Melanocyte-specific expression of the human tyrosinase promoter: activation by the microphthalmia gene product and role of the initiator.
Bentley NJ., Eisen T., Goding CR.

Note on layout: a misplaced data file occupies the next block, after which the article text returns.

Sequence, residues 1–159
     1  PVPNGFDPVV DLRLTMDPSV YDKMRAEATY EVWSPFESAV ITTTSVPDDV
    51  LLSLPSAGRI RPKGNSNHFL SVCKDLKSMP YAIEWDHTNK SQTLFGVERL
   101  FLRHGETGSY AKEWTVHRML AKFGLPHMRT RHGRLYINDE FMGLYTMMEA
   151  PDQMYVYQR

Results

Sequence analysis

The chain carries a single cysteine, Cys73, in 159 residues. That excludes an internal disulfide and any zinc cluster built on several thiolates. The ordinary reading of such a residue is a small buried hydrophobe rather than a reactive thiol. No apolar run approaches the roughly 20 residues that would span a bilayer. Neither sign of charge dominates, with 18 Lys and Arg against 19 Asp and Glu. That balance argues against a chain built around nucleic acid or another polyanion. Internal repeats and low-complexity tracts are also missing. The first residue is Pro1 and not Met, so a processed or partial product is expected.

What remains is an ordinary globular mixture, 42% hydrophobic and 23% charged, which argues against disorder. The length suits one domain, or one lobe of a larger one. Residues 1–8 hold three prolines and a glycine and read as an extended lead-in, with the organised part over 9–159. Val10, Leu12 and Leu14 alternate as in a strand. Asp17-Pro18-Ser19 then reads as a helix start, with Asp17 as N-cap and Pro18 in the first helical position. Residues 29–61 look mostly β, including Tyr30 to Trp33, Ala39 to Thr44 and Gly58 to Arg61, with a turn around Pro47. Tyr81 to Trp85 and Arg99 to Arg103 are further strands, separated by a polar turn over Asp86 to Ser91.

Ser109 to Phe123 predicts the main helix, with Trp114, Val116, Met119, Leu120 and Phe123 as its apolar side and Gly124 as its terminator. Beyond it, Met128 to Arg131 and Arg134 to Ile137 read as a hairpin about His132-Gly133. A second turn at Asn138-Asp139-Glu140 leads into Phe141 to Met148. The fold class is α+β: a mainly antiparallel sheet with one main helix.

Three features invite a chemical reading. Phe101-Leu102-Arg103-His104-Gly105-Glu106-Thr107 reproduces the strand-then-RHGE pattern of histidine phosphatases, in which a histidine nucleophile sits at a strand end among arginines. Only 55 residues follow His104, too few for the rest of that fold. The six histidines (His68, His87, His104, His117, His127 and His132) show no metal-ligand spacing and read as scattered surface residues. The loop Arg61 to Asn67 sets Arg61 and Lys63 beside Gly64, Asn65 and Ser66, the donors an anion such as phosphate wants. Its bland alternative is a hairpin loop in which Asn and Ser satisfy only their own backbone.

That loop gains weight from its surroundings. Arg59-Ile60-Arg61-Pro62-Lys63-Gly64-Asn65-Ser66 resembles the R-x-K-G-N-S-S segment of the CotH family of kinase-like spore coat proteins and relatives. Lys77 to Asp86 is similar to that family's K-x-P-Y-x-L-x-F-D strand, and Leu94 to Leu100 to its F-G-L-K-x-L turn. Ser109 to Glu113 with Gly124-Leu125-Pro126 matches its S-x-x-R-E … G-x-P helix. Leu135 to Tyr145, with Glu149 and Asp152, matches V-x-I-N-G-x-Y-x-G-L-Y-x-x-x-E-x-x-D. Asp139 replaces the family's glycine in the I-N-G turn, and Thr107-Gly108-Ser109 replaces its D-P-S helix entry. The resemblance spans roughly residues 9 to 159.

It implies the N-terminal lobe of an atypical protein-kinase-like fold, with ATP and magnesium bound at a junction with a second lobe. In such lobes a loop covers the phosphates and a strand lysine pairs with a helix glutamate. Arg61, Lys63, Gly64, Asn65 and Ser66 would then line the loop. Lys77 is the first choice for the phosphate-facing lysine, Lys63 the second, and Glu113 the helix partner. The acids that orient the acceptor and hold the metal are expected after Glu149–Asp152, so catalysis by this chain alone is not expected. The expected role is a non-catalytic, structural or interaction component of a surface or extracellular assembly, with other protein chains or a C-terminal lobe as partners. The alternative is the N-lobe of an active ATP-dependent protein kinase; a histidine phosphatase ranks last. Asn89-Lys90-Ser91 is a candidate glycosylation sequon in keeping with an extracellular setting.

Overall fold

<jats:p>The tyrosinase gene is expressed specifically in melanocytes and the cells of the retinal pigment epithelium, which together are responsible for skin, hair, and eye color. By using a combination of DNase I footprinting and band shift assays coupled with mutagenesis of specific DNA elements, we examined the requirements for melanocyte-specific expression of the human tyrosinase promoter. We found that as little as 115 bp of the upstream sequence was sufficient to direct tissue-specific expression. This 115-bp stretch contains three positive elements: the M box, a conserved element found in other melanocyte-specific promoters; an Sp1 site; and a highly evolutionarily conserved element located between -14 and +1 comprising an E-box motif and an overlapping octamer element. In addition, two further elements, one positive and one negative, are located between positions -185 and -150 and positions -150 and -115, respectively. We also found that the basic helix-loop-helix factor encoded by the microphthalmia gene, which is essential for melanocyte differentiation, can transactivate the tyrosinase promoter via the M box and the conserved E box located close to the initiator. Since in vitro assays failed to identify any melanocyte-specific DNA-binding activity, the possibility that the specific arrangement of elements within the basal tyrosinase promoter determines melanocyte-specific expression is discussed.</jats:p>